2
$\begingroup$

Suppose I have function $f:\mathbb{R}\rightarrow\mathbb{R}$ such that it's absolutely integrable: $\int_{\mathbb{R}}|f(x)|dx<\infty$.

I am sampling function $f(x)$ with some period $T_s$. I am interested whether

$$\sum_{k=-\infty}^{k=\infty}|f(kT_s)|<\infty$$

It seems to me that it's true, but I can't figure out how to prove that.

The reason I ask is that I know that if $f(x)$ is absolutely integrable, then its Fourier transform exists, and I am wondering if the sampled version is guaranteed to have a discrete Fourier transform. Sorry if this is a silly question.

$\endgroup$
2
$\begingroup$

No, that is not true in general.
Let us consider, for example, $$f=\sum_{k\in\mathbb{Z}}g_k\in C^\infty(\mathbb{R})$$ obtained by taking $g_k=g(2^k(x-k)),\ \forall x\in\mathbb{R},k\in\mathbb{Z},$ for some $g\in C_c^\infty(]-1/2,1/2[),$ with $g(0)>0.$

Now taking $T_s=1,$ we get $\sum_{k\in\mathbb{Z}}f(kT_s)=\sum_{k\in\mathbb{Z}}g(0)=+\infty.$

$\endgroup$
  • $\begingroup$ Thank you, @Giuseppe! However, I am sort of lost in your notation: what is the set $C_c^{\infty}(]-1/2,1/2[)$? $\endgroup$ – M.B.M. Apr 28 '12 at 7:18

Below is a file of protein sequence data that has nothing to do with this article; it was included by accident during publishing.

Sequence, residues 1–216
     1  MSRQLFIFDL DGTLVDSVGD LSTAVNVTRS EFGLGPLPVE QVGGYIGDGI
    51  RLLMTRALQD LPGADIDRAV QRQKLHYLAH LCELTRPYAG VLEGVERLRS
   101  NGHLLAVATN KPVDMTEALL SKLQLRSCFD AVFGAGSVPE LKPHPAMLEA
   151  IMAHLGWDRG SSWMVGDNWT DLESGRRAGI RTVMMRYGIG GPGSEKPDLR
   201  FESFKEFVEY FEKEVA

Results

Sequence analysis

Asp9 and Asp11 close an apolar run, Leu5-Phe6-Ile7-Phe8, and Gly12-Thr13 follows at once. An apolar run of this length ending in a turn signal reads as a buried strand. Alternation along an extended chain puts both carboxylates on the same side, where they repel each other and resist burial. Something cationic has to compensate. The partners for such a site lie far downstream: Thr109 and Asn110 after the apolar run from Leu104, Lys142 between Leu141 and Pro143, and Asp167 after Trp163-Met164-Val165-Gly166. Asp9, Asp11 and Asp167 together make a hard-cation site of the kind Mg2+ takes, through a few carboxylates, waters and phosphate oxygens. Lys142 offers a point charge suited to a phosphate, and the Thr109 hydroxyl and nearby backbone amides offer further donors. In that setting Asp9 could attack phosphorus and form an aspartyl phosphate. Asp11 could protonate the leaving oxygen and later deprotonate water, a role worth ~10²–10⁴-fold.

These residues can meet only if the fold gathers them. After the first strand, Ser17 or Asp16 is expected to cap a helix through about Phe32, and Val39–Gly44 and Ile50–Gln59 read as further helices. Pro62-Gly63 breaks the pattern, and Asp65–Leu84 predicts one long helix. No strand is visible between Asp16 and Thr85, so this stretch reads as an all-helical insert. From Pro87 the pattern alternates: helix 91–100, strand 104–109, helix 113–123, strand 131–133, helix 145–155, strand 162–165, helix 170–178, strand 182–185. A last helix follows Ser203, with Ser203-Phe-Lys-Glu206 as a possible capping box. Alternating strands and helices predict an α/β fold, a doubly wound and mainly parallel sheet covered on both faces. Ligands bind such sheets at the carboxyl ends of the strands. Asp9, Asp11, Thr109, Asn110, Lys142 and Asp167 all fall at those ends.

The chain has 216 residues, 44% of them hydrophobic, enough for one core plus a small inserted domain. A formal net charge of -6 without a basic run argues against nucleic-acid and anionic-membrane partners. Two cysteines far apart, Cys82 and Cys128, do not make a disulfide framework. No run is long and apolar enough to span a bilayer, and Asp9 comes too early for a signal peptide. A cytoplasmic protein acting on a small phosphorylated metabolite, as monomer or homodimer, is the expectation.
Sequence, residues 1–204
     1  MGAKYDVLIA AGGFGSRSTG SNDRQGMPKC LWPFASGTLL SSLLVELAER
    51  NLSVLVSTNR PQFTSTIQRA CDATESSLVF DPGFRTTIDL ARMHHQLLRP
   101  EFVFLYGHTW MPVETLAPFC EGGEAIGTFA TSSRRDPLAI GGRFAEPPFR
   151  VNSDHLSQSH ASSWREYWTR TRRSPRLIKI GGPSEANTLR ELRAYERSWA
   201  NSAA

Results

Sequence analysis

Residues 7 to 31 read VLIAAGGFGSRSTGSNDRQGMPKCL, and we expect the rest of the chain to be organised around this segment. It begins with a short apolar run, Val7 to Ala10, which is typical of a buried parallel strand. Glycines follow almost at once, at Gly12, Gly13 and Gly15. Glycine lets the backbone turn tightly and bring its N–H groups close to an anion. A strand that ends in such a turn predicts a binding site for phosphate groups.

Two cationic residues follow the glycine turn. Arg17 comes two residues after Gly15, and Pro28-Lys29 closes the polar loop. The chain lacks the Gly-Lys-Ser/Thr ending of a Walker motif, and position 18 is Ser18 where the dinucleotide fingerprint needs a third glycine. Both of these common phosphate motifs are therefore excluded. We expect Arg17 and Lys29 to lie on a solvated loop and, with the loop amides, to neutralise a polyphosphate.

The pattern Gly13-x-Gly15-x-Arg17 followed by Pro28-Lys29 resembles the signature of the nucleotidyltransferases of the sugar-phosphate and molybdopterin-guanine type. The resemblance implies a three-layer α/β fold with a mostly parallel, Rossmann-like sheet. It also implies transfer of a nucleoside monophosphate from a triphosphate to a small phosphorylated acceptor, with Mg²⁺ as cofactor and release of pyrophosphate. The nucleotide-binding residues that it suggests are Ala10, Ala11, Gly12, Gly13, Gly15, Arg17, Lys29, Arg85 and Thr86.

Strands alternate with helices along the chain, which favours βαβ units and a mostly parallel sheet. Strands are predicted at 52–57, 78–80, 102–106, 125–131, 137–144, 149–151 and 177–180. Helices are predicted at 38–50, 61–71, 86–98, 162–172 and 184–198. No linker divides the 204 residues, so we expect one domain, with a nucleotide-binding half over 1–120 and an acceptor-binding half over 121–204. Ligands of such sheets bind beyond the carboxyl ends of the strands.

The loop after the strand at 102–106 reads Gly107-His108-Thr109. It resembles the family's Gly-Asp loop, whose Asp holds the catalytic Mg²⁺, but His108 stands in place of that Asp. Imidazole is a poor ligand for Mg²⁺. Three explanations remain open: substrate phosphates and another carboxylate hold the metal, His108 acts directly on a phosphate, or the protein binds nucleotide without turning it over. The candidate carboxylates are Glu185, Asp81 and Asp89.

• $\begingroup$ $g$ is a smooth (indefinitely differentiable with continuity) function which vanishes outside $]-1/2,1/2[$. An example is $\exp[1/(x^2-1/4)]$ $\endgroup$ – agtortorella Apr 28 '12 at 7:24
0
$\begingroup$

Not true, as Giuseppe said. However, if you put $$g(x)=\sum_{k=-\infty}^\infty f(kT_s+x)$$ then the sum defining $g$ will be absolutely convergent for almost every $x$, and $g$ will be periodic with period $T_s$. Also, $$\int_0^{T_s}g(x)\,dx=\int_{-\infty}^\infty f(x)\,dx.$$ This might be of some use, depending on your application.

$\endgroup$

Your Answer

By clicking “Post Your Answer”, you agree to our terms of service, privacy policy and cookie policy

Not the answer you're looking for? Browse other questions tagged or ask your own question.